Welcome to the student resources page! Here you can find lots of useful information to help you to play klezmer.
Odessa Bulgar was recorded by accordionist Mishka Ziganoff in New York in the 1920s. He was not Jewish, but played a lot of Jewish music and even spoke Yiddish!
It’s an upbeat tune; the mode is freygish, and the dance style is freylekhs/bulgar.
The recording we followed for the NKYO version of this freylekhs comes complete with a slide whistle! In the original, it follows a slow improv ('Rumenishe Doyne') played by legendary klezmer clarinettist Dave Tarras.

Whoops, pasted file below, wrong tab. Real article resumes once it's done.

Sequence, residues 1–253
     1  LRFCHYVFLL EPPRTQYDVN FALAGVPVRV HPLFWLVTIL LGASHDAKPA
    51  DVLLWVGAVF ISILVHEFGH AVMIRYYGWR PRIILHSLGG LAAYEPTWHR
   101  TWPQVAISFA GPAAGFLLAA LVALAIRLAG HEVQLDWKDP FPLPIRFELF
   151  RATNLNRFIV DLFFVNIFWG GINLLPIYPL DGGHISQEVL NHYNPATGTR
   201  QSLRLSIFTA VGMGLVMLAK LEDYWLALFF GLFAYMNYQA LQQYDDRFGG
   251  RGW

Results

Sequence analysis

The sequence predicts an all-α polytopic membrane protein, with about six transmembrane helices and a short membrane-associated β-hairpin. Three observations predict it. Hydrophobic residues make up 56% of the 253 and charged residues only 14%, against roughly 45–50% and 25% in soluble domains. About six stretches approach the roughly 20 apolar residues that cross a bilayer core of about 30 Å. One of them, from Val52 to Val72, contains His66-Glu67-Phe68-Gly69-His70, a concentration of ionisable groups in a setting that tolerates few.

The mode is Misheberakh and the dance style is freylekhs/bulgar.
S'iz Nito Keyn Nekhtn
'S'iz Nito Keyn Nekhtn' means 'Yesterday is Over'. There are many versions of the melody, and it's a song in the Belarussian language, as well as in Yiddish.
In the freygish mode, it's made for singing along.
A major key romp with a chorus inviting us to 'play it again' (shpil es nokh a mol). You can hear lots of options for variation in the Naftule Brandwein version.